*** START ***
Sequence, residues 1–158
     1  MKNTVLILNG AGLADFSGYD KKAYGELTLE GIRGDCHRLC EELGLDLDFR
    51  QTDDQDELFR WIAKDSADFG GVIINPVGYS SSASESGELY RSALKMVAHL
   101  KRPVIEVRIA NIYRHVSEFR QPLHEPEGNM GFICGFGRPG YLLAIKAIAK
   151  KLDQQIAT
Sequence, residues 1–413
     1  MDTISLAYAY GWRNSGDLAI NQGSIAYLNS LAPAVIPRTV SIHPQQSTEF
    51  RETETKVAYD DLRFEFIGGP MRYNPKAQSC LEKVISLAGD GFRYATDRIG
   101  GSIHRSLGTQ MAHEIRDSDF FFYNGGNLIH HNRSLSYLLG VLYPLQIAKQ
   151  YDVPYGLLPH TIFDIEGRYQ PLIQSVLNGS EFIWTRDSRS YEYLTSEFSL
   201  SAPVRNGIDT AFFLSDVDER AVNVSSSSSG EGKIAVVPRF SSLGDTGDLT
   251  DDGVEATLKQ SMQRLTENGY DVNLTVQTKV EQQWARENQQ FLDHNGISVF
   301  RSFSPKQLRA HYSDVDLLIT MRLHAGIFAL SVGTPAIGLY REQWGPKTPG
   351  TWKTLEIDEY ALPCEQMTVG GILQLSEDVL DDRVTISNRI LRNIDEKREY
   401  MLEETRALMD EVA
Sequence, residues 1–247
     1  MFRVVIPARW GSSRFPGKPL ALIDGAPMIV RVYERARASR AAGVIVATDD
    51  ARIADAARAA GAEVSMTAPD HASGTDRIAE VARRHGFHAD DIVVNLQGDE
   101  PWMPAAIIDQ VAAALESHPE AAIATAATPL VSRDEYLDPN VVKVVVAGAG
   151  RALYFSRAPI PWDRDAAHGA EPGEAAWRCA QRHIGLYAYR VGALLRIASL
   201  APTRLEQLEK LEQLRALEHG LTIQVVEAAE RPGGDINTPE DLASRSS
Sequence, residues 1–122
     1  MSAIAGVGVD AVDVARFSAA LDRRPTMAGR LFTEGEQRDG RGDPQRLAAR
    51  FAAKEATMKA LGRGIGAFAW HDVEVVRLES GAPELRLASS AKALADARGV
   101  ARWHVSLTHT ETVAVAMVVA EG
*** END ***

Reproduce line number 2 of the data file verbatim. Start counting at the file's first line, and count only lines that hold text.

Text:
     1  MKNTVLILNG AGLADFSGYD KKAYGELTLE GIRGDCHRLC EELGLDLDFR